Abu Dhabi, UAEFriday 30 October 2020

Coronavirus ‘unlikely to cause lasting damage to global economy’

Bank of Singapore forecasts impact to China’s annual GDP growth to be up to 0.5% — half the 1% hit it took from SARS in 2003

There are more than 1,300 confirmed cases of the Wuhan coronavirus and 41 people have died. Photo: EPA
There are more than 1,300 confirmed cases of the Wuhan coronavirus and 41 people have died. Photo: EPA

The coronavirus outbreak that has infected more than 1,300 people, mainly in China, is “unlikely to cause lasting damage” to the global economy, the Bank of Singapore said in a research report.

The virus outbreak, which originated in Wuhan, China, is expected to last two to four months and the impact to China’s annual gross domestic product growth will be around 0.5 per cent or less, the bank said on Friday. It will have a smaller impact than the SARS (Severe Acute Respiratory Syndrome) outbreak in 2002-2003, which caused a 1 per cent hit to China’s GDP growth.

“We believe that the Wuhan virus outbreak alone is unlikely to derail an anticipated global recovery this year, given low interest rates, relief from a US-China trade truce and the likelihood of more stimulus from China to counteract the outbreak’s economic hit,” the bank said.

However, as the outbreak escalates, there will be “more pain before relief for markets” and rising concerns have “stalled the risk-on market rally which began in October last year”, the bank said.

Crude posted the worst weekly decline in more than a year on concern the spread of the virus will cripple fuel demand. Brent futures sank 2.2 per cent in London on Friday.

The virus is now in four continents, as of Saturday, with new cases reported in the US, Europe, Australia and Malaysia. In China, there are 1,287 confirmed cases, including 444 new patients, according to the National Health Commission, which said 41 people have died.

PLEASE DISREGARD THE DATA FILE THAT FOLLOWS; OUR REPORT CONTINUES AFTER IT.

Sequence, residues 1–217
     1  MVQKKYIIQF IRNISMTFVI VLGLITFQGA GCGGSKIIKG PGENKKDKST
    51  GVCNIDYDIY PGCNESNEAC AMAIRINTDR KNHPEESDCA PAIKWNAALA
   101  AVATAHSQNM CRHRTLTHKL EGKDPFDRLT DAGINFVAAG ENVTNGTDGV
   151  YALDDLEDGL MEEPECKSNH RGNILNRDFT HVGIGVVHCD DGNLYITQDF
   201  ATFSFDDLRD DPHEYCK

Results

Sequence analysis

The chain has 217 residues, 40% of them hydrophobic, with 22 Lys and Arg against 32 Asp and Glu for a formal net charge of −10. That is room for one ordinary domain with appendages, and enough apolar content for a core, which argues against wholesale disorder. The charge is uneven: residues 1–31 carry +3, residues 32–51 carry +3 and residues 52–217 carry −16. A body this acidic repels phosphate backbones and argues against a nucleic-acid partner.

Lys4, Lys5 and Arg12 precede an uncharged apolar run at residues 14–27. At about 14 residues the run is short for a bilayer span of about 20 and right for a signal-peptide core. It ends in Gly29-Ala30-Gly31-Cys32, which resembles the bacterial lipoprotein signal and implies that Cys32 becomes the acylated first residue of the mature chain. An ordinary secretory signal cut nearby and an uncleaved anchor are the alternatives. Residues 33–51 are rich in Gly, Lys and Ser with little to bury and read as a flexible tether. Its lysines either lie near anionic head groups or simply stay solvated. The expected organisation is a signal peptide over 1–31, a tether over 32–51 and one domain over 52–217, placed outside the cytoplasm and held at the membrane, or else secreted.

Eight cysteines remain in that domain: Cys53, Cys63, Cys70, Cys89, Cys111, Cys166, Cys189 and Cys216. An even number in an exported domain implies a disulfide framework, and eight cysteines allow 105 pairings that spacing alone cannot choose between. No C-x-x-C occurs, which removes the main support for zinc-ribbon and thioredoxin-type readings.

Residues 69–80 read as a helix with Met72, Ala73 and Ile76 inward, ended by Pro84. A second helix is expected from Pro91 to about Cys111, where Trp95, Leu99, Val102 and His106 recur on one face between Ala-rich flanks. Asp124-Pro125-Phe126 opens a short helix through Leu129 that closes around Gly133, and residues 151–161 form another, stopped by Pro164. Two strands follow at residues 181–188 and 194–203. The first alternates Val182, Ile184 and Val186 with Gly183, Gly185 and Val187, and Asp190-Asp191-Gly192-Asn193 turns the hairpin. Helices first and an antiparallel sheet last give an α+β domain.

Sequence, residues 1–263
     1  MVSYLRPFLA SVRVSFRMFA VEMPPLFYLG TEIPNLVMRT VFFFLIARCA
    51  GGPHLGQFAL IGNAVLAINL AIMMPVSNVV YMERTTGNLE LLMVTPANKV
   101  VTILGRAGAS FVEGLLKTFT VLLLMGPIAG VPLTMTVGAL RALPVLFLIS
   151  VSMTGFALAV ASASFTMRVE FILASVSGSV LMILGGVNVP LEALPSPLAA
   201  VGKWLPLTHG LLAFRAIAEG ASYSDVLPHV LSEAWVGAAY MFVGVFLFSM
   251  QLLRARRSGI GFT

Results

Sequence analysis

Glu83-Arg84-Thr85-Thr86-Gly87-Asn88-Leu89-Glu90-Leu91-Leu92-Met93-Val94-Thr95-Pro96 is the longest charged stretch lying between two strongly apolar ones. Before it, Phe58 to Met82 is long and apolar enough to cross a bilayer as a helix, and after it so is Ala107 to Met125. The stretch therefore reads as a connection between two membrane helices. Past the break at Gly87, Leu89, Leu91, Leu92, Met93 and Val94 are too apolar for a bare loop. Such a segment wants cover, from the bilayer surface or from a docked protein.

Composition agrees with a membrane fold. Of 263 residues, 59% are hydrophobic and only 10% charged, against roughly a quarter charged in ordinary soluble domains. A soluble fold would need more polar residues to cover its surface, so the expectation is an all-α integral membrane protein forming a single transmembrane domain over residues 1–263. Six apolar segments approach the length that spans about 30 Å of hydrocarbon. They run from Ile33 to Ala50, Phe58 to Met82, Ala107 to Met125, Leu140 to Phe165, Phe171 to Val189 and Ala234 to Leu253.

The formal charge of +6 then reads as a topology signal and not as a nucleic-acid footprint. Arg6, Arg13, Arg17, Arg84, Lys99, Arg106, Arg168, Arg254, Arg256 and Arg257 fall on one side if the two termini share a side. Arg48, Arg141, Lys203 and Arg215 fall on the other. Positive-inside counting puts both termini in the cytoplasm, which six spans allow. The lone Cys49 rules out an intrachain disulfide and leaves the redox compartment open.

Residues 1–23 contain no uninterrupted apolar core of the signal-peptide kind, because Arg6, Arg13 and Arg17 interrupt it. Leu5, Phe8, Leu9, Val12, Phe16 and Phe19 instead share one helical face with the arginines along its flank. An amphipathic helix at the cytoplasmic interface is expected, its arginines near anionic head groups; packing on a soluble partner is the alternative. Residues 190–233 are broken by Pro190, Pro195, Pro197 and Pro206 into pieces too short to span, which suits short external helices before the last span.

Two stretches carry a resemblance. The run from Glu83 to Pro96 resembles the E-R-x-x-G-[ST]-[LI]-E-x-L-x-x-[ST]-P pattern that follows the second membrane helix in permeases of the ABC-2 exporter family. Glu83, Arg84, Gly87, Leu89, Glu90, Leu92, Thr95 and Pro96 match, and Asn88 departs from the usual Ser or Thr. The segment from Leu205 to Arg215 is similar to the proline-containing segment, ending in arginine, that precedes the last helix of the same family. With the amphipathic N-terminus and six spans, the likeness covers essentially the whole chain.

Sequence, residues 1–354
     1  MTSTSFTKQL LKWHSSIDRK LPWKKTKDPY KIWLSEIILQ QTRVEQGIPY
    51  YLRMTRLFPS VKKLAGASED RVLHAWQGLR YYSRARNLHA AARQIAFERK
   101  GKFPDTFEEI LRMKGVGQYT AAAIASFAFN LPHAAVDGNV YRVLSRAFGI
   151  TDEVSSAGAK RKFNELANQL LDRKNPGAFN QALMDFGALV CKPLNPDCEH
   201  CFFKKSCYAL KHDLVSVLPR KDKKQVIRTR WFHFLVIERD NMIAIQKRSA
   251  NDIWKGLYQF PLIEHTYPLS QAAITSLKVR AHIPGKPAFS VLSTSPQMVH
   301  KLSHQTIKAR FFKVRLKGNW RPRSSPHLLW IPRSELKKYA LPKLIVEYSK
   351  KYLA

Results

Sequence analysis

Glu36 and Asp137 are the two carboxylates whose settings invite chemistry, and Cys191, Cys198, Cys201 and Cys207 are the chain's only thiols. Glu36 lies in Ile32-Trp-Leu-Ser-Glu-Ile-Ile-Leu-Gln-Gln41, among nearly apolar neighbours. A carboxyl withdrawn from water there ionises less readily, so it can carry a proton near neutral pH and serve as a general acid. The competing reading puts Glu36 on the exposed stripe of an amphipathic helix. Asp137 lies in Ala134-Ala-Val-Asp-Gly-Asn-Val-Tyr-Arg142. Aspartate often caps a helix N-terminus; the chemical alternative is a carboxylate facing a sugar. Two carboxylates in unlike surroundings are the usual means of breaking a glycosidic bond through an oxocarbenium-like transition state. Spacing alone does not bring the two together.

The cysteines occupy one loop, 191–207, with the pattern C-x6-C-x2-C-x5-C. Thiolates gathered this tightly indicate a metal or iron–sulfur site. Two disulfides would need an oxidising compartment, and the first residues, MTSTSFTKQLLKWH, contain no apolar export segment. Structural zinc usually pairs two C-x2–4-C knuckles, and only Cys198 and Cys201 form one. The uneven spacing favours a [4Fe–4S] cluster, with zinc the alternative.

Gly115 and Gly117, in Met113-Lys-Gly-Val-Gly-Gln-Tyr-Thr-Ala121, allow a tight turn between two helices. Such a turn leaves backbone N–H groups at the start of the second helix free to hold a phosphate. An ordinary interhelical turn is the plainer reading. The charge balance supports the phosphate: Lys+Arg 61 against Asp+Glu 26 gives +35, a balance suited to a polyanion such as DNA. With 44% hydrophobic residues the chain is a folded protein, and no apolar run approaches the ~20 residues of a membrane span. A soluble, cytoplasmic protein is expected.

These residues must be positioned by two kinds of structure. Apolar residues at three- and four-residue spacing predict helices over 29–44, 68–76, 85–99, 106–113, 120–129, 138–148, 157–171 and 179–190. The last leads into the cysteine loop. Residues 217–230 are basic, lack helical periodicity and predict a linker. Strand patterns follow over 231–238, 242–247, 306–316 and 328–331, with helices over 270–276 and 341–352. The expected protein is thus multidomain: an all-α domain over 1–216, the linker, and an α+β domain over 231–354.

The SARS outbreak infected more than 8,000 people worldwide with 774 deaths. A research paper from economists Jong-Wha Lee and Warwick McKibbin, titled Learning from SARS: Preparing for the Next Disease Outbreak, estimated the global economic loss in 2003 due to SARS at $40 billion (Dh147bn).

Still, even SARS and other previous epidemics, including Swine Flu, MERS (Middle East Respiratory Syndrome) and the Avian Flu, have had a limited impact on the global economy, the Bank of Singapore report said.

“During the SARS episode, the markets corrected as the outbreak escalated and only hit the bottom when the rate of infection peaked before staging a sharp recovery as the number of new cases began to stabilise,” it added.

There are indications that the Wuhan coronavirus will have even less of an impact for various reasons, the bank said. While the outbreak is still at an early stage, as the first case was identified on December 8, so far the coronavirus has shown a lower mortality rate of around 3 per cent versus SARS at approximately 10 per cent and MERS at more than 30 per cent.

Chinese authorities have also been acting much faster; it took China almost three months to inform the World Health Organisation after the first SARS case was confirmed, while this time it took less than a month. China has taken more decisive measures this time, imposing travel restrictions in Wuhan and at least four more cities.

While the SARS outbreak affected consumer spending, there is likely to be less of a toll due to far more developed e-commerce.

Global equities have corrected 0.6 per cent between January 17 and January 24, with most of the impact in Asia, said the Bank of Singapore.

It added that it is too early to buy broadly on dips. Currency strategist Sim Moh Siong said the medium-term outlook for the Chinese renminbi is relatively stable with a 12-month target of 6.90 against the US dollar.

Updated: January 25, 2020 05:47 PM

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